Settling in

On Saturday, we'll be here for three weeks.  Already? Only!

David started saying this place felt like home on the third day.  I guess we are seasoned movers by now, accustomed to post-Soviet countries as they are all the same and yet so different.  This is our third, after Armenia and Moldova.  Different and the same.  The fact that Doug had been living here for three months before we arrived was a blessing in disguise - we arrived already plugged into the community and people knew about us and were happy to welcome us.  That is always a nice feeling.  We went to the big green market and we know where to buy our apples without being ripped off.  That's always a major milestone.

Our house is enormous with space galore - but, alas, not altogether perfect.  We have six bedrooms, of which two have no outside windows.  Meaning, they have windows into other rooms.  Alan chose a bedroom on the ground floor that has a window into the school room and a bathtub with whirlpool jets. It is furnished with dark furniture, elaborately carved, cheaply made furniture.  It's a cave with almost no natural light.  I'm still unhappy about this, although he is very resistant to change.  The guestroom has a window into the laundry room.  Yes, well.  Less horrible because we don't have any guests at the moment.

Speaking of beds, here's something odd about this country - maybe that's only our house but I don't think so.  The beds don't have slats or boxsprings, they have big pieces of plywood in the frame, on top of which rest thin, really really hard mattresses.  They are so hard that I can't feel Doug turning or getting up.  We brought three mattresses for the kids but none for us.  I looked around but there seems to be only one kind of mattress:  hard.  The same is true for our couch and our "upholstered" chairs.  Freaking hard!  You sit down and there is absolutely no give, just as if you sit down on a wooden chair.  I've read that Tajiks (used to) sleep on the so-called tapchans, raised platforms a little bit like very low tables, on thin mattresses that are like futons.  I'm not sure whether this mattress situation is good or bad for our spines but you do not get that "aaahhh" feeling when you (don't) sink into your bed at night.  It's more like a surprise.  Oh!  Right.  Hard bed. 

I'm such a wuss.

We have a very nice tea porch.  We like the tea porch even though we can't get all the dust out.  The amount of dust here is quite remarkable.  I thought our house in Germany was dusty but no! There is always a way to top this, eh? The Tajik solution to this, by the way, is to throw a rug on it.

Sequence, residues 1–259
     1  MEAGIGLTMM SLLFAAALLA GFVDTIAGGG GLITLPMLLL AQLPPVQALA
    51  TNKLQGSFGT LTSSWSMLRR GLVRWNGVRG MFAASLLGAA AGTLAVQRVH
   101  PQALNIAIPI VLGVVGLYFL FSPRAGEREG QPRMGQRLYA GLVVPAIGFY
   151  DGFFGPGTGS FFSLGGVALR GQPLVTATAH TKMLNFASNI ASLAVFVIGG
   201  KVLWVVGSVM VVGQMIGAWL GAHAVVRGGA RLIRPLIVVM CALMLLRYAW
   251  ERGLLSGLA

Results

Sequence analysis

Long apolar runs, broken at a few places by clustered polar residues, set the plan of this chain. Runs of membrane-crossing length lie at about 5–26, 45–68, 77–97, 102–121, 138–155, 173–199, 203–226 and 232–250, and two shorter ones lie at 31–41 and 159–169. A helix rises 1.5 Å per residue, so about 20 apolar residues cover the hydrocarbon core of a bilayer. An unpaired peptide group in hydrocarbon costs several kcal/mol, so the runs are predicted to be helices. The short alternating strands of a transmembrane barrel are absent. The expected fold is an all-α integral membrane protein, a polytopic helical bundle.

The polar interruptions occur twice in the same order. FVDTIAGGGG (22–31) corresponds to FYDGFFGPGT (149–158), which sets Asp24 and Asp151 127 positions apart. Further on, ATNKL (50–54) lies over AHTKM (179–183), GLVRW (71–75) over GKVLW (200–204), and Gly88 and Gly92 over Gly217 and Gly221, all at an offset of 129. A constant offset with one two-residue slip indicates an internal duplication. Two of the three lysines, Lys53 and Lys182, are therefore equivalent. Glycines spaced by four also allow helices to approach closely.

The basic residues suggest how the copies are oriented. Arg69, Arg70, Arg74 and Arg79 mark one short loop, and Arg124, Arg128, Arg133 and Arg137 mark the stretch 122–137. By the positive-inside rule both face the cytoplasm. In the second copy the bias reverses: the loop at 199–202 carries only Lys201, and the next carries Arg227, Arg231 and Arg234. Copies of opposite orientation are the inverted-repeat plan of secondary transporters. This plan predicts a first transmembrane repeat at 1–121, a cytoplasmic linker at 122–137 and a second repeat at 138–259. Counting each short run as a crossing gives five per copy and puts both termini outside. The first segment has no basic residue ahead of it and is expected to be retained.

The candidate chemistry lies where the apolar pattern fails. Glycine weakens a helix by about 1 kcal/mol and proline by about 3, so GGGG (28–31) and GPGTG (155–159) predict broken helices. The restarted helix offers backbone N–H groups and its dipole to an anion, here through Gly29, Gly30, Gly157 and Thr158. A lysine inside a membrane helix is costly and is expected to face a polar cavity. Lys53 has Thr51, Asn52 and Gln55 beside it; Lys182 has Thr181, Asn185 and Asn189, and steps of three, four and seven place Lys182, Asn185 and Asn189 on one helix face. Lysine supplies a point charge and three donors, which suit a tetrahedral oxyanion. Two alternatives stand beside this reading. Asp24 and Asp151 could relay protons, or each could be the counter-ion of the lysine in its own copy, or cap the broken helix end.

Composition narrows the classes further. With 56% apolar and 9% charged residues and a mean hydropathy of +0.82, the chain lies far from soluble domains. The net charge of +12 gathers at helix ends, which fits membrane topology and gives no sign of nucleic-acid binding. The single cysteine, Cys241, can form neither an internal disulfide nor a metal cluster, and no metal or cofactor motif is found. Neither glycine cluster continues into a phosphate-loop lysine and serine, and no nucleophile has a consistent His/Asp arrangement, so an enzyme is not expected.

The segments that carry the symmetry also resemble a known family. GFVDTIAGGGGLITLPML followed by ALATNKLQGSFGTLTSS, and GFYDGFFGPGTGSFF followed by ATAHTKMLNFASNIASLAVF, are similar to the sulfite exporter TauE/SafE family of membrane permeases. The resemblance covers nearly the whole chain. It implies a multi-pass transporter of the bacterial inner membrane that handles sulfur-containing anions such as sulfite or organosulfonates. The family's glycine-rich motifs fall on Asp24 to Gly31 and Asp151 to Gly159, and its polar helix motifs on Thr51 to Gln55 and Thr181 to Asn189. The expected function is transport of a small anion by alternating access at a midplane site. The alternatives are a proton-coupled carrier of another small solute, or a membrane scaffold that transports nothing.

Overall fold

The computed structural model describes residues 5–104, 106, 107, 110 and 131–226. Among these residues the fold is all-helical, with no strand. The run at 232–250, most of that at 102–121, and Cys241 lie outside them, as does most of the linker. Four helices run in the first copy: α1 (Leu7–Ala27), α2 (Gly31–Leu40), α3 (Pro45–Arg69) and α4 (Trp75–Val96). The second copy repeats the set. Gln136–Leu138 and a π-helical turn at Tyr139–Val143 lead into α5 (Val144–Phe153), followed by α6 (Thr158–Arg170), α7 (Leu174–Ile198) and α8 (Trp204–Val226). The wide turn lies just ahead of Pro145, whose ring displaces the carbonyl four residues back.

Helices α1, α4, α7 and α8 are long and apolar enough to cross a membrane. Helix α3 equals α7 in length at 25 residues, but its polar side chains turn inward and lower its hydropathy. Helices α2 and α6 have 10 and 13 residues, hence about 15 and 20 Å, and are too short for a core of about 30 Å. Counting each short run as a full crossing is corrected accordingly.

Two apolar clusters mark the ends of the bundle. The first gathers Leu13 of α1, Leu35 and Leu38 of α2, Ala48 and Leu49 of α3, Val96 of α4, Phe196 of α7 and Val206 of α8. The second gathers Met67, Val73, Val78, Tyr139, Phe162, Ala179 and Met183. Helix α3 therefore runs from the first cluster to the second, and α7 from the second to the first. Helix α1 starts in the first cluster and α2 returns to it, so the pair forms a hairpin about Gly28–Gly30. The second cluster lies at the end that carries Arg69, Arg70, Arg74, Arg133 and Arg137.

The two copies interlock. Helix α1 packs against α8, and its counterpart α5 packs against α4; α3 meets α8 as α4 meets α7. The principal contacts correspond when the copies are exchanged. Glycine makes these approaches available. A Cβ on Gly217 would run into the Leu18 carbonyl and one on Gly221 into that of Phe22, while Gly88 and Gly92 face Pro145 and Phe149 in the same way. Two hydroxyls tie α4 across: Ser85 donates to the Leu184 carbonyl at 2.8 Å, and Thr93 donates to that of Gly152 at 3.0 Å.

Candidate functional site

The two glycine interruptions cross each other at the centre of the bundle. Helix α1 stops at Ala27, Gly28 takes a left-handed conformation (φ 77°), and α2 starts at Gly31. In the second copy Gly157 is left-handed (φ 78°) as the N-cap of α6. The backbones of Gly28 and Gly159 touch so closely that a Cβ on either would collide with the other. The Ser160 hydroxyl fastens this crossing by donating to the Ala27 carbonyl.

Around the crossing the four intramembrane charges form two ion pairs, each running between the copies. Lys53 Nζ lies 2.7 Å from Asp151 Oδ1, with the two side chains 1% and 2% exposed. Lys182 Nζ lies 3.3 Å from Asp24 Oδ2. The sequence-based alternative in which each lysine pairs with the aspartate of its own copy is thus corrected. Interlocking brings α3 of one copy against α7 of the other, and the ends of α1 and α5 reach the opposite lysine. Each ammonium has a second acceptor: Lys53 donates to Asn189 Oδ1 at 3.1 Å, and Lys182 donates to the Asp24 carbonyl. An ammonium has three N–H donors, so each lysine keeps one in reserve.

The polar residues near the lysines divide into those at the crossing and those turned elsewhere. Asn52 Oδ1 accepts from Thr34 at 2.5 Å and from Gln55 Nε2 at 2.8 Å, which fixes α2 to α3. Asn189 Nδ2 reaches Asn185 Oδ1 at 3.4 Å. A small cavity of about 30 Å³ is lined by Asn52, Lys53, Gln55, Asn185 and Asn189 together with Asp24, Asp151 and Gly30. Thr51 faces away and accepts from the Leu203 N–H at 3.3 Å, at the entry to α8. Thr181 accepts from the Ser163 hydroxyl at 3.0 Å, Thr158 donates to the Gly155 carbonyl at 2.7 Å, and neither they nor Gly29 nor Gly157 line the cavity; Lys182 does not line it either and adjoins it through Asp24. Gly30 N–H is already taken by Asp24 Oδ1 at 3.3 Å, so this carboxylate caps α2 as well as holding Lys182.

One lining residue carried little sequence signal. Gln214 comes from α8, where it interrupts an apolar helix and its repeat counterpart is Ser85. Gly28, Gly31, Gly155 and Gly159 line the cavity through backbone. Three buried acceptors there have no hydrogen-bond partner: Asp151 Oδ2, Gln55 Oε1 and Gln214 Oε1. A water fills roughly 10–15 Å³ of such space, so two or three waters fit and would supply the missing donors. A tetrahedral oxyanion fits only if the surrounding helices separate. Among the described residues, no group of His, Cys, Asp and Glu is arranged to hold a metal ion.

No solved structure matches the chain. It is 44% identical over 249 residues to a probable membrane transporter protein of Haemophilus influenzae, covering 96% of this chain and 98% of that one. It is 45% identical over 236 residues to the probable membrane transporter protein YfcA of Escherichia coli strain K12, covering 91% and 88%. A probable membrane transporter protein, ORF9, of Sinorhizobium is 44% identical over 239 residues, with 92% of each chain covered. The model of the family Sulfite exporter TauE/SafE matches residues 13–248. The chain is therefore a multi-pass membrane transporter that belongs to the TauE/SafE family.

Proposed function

We can't find reasonably priced chairs or book shelves.  Really, I should have foreseen that because we had a similar problem in Armenia.  I should have just filled that last crate with chairs galore, and more book shelves.  Will I ever learn?  We already have a long list of things to bring back from Germany after Christmas, now we added six chairs to it.  IKEA, 4 kg each.  We checked.

We have a pet now.  Doug gave David a turtle for his birthday, and we are going to inherit another one from a leaving family next week.  Jebediah is a grumpy old guy, and he's got a sulk tree that he goes to and hides behind when he feels slighted.  David loves him to pieces.  I personally think we should have gotten a dog. Reptiles are just not my thing.

The younger kids will be attending Contofield Academy which is a tiny school run by an Indian expat that charges a fifth of the local QSI.  Jacob and Leah went to their summer camp for the past two week and already made some friends and had social contact.  We're still working on that for the older kids, hoping that we can sign them up for some afternoon activities at the local QSI (as Contofield only goes up to grade 5).  We went to the carnival.  We will go to the water-park soon, and we want to go hiking in the mountains. Things are slowly falling into place.

Things we miss: Relatives and friends. Rain. Rye bread. Amazon deliveries.
Things we love: Friendly people. No rain. Yummy flat bread. Pouch deliveries.

Tajikistan is all right.  We are still finding our feet, we haven't met too many people yet because everybody is gone during the summer holidays, it seems safe and friendly, the traffic isn't too horrible, we're getting used to a change in our diets (no canned tomatoes!), and somehow we feel at home, just like David said.  So tonight, we'll have movie night.  The movie will be "Jurassic Park".  David has been pining for this movie for a long time and as luck would have it, his aunt just sent the DVD for his birthday.  Lucky kid.
(Oh, and we'll try homemade pizza.  Because really, the pizza ain't nothing to write home about.)